Presentation on theme: "Probabilistic & Statistical Techniques Eng. Tamer Eshtawi First Semester 2007-2008 Eng. Tamer Eshtawi First Semester 2007-2008."— Presentation transcript:
Probabilistic & Statistical Techniques Eng. Tamer Eshtawi First Semester 2007-2008 Eng. Tamer Eshtawi First Semester 2007-2008
Lecture 6 Chapter 3 (part 1) Probability Main Reference: Pearson Education, Inc Publishing as Pearson Addison-Wesley.
Chapter 4 Probability 4-1 Overview 4-2 Fundamentals 4-3 Addition Rule 4-4 Multiplication Rule: Basics 4-5 Multiplication Rule: Complements and Conditional Probability 4-6 Probabilities Through Simulations 4-7 Counting
Overview Probabilities is a mathematical measure of the likelihood of an event occurring. Probabilities are always fractions or decimals indicating the portion or percent of the time that the event occurs
Key Concept This section introduces the basic concept of the probability of an event. Three different methods for finding probability values will be presented. The most important objective of this section is to learn how to interpret probability values.
Definitions Event any collection of results or outcomes of a procedure Simple Event an outcome or an event that cannot be further broken down into simpler components Sample Space the sample space consists of all outcomes that cannot be broken down any further
Example sample spaceThe sample space of the experiment Flip a Coin has 2 outcomes heads and tails, so we could write: sample spaceThe sample space of the experiment of rolling a die has 6 possible outcomes 1-6, so: The Event The Event : Rolling an even number is an event for the experiment of rolling a die. If we call this event E, we could write:
Notation for Probabilities P - denotes a probability. A, B, and C - denote specific events. P (A) - denotes the probability of event A occurring.
Basic Rules for Computing Probability Rule 1: Relative Frequency Approximation of Probability Observe results, and count the number of times event A actually occurs. Based on these actual results, P(A) is estimated as follows: P(A) = number of times A occurred number of times trial was repeated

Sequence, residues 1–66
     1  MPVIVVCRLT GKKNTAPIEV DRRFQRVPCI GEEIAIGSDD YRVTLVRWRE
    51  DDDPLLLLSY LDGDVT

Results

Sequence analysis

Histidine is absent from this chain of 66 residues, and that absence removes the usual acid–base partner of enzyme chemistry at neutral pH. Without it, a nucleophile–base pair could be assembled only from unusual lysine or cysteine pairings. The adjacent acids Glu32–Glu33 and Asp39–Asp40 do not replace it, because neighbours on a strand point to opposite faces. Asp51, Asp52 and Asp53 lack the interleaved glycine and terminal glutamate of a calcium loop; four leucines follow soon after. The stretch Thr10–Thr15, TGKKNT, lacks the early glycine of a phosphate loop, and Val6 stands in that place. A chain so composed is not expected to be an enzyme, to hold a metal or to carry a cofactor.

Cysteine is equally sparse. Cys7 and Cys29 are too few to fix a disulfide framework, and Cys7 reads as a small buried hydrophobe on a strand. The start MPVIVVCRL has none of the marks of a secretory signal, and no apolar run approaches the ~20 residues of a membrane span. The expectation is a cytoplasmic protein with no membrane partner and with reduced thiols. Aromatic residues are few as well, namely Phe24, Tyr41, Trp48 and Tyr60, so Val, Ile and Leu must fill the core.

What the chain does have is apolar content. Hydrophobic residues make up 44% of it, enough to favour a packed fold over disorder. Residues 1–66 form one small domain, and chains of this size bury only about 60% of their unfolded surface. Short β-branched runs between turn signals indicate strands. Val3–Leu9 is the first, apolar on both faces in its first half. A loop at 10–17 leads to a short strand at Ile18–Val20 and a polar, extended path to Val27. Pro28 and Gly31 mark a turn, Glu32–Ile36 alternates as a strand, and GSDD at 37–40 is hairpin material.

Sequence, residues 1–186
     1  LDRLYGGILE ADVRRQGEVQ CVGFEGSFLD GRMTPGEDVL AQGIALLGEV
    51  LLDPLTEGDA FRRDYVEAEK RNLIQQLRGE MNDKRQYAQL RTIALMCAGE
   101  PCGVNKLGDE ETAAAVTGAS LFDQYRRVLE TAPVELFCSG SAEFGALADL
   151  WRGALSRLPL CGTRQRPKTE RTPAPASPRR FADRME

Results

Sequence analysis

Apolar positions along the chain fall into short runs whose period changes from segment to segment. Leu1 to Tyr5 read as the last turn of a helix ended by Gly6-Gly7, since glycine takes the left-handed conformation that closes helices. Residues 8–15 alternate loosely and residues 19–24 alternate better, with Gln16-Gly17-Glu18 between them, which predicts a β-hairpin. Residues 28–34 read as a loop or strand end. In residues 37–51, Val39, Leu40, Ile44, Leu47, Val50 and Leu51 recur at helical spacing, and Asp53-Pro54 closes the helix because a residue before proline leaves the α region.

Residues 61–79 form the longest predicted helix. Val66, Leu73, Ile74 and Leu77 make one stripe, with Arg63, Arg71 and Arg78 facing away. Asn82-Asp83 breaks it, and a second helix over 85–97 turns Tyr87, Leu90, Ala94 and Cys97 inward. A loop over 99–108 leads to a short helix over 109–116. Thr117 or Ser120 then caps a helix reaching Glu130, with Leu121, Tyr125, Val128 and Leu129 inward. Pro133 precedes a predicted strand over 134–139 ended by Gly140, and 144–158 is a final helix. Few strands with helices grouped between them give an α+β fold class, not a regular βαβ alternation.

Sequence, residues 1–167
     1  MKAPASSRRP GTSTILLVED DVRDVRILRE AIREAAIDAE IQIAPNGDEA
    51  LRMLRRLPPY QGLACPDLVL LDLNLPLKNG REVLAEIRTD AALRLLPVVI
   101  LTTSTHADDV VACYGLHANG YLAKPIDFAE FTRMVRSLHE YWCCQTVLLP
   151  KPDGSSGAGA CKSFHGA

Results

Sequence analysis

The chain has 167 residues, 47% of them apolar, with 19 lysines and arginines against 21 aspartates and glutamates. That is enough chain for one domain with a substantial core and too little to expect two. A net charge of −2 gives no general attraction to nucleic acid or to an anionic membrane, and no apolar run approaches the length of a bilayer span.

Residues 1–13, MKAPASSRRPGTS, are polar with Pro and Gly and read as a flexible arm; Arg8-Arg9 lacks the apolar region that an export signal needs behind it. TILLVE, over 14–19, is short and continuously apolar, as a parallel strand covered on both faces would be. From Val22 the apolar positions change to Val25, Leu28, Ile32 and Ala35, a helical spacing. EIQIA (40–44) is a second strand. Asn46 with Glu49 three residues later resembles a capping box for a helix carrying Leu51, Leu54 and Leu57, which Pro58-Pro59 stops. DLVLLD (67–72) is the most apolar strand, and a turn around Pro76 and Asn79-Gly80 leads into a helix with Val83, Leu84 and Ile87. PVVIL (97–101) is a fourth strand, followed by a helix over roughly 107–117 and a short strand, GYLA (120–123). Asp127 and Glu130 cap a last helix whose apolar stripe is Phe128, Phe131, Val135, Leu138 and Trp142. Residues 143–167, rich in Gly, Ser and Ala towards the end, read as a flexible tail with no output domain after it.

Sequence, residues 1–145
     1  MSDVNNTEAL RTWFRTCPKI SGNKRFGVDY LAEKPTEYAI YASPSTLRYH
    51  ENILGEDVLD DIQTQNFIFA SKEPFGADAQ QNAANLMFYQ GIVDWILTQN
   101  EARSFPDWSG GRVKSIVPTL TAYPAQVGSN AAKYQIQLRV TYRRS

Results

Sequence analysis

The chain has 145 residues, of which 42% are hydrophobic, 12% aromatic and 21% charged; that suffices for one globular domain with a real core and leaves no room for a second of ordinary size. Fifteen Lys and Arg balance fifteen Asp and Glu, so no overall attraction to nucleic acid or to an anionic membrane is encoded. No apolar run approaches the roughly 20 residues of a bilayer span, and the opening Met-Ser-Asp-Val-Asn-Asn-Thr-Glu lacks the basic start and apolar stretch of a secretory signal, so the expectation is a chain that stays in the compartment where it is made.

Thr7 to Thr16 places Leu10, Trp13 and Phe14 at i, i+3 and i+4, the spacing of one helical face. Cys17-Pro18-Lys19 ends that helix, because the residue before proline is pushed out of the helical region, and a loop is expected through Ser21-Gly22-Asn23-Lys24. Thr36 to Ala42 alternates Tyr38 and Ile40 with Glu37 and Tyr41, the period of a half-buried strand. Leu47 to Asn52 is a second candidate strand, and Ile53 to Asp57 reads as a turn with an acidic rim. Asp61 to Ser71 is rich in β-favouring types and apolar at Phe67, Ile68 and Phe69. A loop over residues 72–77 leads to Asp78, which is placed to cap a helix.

Rule 2: Probability for Equally likely outcomes Assume that a given procedure has n different simple events and that each of those simple events has an equal chance of occurring. If event A can occur in s of these n ways, then P(A) = number of ways A can occur number of different simple events s n =
Rule 3: Subjective Probabilities P(A), the probability of event A, is estimated by using knowledge of the relevant circumstances.
Law of Large Numbers As a procedure is repeated again and again, the relative frequency probability (from Rule 1) of an event tends to approach the actual probability.
Probability Limits The probability of an event that is certain to occur is 1. The probability of an impossible event is 0. For any event A, the probability of A is between 0 and 1 inclusive. That is, 0 P(A) 1.
Example 1 In a class, 18 students own computers and 7 do not. If one of the student is randomly selected, find the probability of getting one who does not own a computer
Example 2 Find the probability that a couple with 3 children will have exactly 2 boys. The gender of any child is not influenced by the gender
Example 3 When two balanced dice are rolled, 36 equally likely outcomes are possible: a) find The probability the sum is 11, b) the two dice are doubles The sum of the dice can be 11 in two ways. The probability the sum is 11 = 2/36 = 0.056. Doubles can be rolled in six ways. The probability of doubles = 6/36 = 0.167.
Key Concept The main objective of this section is to present the addition rule as a device for finding probabilities that can be expressed as P(A or B), the probability that either event A occurs or event B occurs (or they both occur) as the single outcome of the procedure.
Compound Event Any event combining 2 or more simple events Definition Notation P(A or B) = P (in a single trial, event A occurs or event B occurs or they both occur)
When finding the probability that event A occurs or event B occurs, find the total number of ways A can occur and the number of ways B can occur, but find the total in such a way that no outcome is counted more than once. General Rule for a Compound Event
Compound Event Formal Addition Rule P(A or B) = P(A) + P(B) – P(A & B) where P(A and B) denotes the probability that A and B both occur at the same time as an outcome in a trial or procedure.
Definition Events A and B are disjoint if they cannot occur at the same time. (That is, disjoint events do not overlap.) Events That Are Not DisjointDisjoint Events
Complementary Events P(A) and P(A) are disjoint It is impossible for an event and its complement to occur at the same time.
Venn Diagram for the Complement of Event A If P(A) = 0.3 P(A) = 1 – P(A) = 1 – 0.3 = 0.7
Example 5 Titanic Passengers (Table 3-1), Assuming that 1 person is randomly selected from 2223 people abroad the titanic: Find P(selected a man or a boy) Find P(selected a man or some one who survived)
Solution P(selected a man or a boy) = P (men) + P (boys) - 0 = P(selected a man or survived) = P (men) + P (survived) – P(men & survived) =
Recap In this section we have discussed: Compound events. Formal addition rule. Disjoint events. Complementary events.